For lunch, we went to Sesuit Harbor Café, which is known for its colorful buoy-covered wall and no-fuss lobster rolls. After ordering at the counter, we grabbed a picnic table outside and enjoyed the view of Northshore Marina and Cape Cod Bay. Dad ordered the fried scallop plate, Mom got the Rueben sandwich, and Adrian and I split a lobster roll and French fries. With such mild summers in this part of the country, we took advantage of the weather by eating almost every meal outside.
Our big activity of the day was taking a sailing lesson at Ridgevale Beach from Chatham Sail. We hopped into a Sunfish with our instructor Eric and learned how to control the sails, change directions, and use the wind to move along in just two hours. It’s definitely a lot harder than it looks to get going without a motor, but once we got the hang of it, we had so much fun sailing around Monomoy Island, seeing the Chatham Lighthouse from the water, and looking for seals.
We went back to our inn to freshen up before going to dinner at Cape Sea Grille. This restaurant is slightly more upscale, but still has a laid-back, casual vibe. To start, we ordered a round of cocktails and split a grilled peach salad that was on special. The place was pretty busy, so it took a little while to get our main courses, but it was so worth it. Dad ordered the surf ‘n’ turf, Mom got the grilled salmon, Adrian ordered the duck breast, and I got the lobster, shrimp, and scallop pasta. Our dinner lasted well into the evening and was insanely delicious. On the way home, we stopped by Sundae School Ice Cream for a few scoops to polish off a great first day on Cape Cod.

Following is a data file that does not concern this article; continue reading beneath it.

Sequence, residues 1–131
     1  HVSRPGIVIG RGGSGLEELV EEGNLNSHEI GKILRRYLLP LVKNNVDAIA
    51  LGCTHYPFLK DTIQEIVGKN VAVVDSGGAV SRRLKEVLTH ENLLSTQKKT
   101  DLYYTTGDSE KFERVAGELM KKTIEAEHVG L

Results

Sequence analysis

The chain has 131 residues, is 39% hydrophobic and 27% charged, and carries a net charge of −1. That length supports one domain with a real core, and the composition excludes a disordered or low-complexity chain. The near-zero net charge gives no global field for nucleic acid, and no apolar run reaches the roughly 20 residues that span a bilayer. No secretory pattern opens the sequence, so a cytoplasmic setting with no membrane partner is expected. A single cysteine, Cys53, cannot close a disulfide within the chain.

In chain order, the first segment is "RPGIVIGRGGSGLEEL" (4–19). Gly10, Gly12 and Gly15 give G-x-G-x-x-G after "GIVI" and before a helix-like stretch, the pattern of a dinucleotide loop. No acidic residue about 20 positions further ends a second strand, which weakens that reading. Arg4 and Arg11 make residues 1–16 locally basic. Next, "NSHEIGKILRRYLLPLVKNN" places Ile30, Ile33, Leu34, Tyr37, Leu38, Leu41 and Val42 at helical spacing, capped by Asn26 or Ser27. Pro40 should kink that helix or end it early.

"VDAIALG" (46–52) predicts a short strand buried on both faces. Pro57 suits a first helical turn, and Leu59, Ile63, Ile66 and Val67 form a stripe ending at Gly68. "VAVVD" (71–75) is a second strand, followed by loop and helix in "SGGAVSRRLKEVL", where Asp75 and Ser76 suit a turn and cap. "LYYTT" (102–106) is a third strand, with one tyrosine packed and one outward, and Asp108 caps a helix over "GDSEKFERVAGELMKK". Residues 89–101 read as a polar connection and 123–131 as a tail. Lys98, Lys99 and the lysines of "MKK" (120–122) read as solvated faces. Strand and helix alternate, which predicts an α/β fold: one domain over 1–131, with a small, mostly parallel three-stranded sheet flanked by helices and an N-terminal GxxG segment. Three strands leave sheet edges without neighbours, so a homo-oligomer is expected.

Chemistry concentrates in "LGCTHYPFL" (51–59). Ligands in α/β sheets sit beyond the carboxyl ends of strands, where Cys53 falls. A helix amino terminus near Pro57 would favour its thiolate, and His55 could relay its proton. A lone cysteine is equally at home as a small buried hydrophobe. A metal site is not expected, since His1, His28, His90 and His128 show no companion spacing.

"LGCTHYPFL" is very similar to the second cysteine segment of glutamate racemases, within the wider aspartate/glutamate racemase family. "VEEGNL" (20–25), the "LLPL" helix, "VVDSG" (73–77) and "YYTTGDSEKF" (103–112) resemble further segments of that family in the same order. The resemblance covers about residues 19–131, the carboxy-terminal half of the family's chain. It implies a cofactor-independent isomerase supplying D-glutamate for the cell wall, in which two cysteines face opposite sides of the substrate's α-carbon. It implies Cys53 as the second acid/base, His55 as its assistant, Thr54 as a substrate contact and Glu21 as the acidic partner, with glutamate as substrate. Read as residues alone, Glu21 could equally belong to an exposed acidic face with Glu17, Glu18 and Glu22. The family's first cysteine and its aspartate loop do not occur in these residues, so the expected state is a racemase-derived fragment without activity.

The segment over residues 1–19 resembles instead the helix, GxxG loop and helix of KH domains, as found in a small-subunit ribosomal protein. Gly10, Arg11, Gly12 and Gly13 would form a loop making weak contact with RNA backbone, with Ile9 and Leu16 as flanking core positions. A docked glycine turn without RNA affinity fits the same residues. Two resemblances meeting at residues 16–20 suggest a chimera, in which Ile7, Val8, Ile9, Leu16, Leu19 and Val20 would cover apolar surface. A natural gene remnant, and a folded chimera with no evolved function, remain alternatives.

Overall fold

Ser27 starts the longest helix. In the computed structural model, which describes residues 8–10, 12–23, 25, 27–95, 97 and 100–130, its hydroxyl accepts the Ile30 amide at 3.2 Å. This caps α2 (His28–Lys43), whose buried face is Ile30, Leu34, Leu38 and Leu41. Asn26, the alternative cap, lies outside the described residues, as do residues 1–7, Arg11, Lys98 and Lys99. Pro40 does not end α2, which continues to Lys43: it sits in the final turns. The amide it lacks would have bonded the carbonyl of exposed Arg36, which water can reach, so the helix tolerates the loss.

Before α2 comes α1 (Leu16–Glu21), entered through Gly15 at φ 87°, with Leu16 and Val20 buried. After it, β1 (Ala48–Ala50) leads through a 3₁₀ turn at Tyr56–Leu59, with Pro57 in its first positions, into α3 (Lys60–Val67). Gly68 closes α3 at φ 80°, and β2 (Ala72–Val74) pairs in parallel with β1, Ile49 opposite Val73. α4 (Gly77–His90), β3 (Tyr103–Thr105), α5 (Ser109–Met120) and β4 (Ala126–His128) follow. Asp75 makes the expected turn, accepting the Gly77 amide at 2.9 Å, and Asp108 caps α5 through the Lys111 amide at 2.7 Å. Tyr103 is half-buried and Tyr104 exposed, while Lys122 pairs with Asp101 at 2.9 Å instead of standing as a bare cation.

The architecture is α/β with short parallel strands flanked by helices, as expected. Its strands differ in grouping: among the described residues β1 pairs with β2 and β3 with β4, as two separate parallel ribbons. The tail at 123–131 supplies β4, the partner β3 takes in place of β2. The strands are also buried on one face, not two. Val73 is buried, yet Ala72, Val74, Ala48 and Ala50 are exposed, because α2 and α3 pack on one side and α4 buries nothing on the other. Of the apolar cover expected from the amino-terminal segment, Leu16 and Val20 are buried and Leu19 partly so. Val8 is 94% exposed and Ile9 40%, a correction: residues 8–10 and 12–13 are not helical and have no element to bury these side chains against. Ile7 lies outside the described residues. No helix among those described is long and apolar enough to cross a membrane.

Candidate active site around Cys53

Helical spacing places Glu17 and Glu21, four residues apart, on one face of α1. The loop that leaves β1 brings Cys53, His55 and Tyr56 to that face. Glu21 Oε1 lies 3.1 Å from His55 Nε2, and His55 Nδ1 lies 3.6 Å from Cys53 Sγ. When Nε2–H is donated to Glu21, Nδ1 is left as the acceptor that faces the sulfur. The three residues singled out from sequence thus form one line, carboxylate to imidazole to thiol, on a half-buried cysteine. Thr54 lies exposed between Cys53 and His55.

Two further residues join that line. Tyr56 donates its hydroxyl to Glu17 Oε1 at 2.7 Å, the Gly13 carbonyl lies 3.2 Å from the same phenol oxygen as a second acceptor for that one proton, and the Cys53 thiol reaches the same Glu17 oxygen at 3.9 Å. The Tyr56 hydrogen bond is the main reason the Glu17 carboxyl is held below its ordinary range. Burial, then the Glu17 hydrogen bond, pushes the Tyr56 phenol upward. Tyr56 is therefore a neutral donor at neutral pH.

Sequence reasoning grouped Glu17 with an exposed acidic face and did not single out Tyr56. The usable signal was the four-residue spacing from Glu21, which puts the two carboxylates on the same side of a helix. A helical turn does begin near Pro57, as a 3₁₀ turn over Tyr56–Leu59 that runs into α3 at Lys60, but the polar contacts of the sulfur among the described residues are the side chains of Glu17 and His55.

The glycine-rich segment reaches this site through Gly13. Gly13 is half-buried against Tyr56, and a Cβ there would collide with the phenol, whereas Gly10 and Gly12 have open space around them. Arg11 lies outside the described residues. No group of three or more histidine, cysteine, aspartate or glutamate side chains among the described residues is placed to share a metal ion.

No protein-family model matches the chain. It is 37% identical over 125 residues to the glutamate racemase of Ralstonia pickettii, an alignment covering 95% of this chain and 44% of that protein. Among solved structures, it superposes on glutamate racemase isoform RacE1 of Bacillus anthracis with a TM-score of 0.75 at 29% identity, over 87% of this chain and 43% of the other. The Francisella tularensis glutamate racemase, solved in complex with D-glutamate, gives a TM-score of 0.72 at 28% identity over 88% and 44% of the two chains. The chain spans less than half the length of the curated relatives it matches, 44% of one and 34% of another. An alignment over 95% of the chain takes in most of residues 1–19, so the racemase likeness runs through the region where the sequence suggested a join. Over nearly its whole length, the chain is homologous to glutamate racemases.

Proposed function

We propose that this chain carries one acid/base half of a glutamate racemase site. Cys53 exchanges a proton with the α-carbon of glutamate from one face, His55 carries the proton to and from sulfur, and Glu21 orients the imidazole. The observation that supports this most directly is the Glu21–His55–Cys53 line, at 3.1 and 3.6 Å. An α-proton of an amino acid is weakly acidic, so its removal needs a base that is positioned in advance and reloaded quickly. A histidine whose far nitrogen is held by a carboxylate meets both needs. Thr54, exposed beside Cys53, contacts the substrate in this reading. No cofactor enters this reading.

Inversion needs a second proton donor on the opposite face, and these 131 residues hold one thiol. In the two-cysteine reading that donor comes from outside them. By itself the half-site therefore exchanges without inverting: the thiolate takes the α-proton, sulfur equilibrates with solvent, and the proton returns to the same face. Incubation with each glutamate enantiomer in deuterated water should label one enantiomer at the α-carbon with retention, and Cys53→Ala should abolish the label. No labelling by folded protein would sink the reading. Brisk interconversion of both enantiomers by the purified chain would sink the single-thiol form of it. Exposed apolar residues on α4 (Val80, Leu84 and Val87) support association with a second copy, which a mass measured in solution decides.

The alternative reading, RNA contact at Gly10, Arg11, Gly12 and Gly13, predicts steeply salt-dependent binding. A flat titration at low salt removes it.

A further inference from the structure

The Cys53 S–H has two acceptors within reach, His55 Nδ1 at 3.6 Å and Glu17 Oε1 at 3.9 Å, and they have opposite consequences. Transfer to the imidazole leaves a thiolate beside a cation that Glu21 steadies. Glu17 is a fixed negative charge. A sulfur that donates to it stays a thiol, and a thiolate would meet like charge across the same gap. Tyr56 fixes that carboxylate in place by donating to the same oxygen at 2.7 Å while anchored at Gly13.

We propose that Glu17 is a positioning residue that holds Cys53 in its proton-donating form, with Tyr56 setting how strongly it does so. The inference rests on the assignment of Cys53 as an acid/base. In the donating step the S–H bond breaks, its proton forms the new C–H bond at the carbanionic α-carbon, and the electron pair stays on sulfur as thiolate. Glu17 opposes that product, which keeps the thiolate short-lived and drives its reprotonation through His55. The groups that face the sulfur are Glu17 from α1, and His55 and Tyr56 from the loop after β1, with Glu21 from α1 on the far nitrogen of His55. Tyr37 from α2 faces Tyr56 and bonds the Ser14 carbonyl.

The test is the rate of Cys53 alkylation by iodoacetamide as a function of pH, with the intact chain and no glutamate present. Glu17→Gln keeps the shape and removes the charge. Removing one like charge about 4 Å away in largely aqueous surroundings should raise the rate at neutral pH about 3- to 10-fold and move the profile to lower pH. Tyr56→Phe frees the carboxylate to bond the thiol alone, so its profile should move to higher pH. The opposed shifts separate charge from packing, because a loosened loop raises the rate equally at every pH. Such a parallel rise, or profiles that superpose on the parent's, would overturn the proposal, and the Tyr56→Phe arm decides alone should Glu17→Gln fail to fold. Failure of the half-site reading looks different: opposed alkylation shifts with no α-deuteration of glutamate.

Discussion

Adrian requested at least one “beach day,” so Tuesday was the day! We loaded up our Jeep with beach chairs, towels, and an umbrella from our inn and drove north to Wellfleet. We set up our stuff in the sand in front of The Beachcomber, a casual bar and restaurant where Adrian and I got beers and margaritas, and spent the better part of the day reading books, looking for seals and whales, and walking up and down the beach.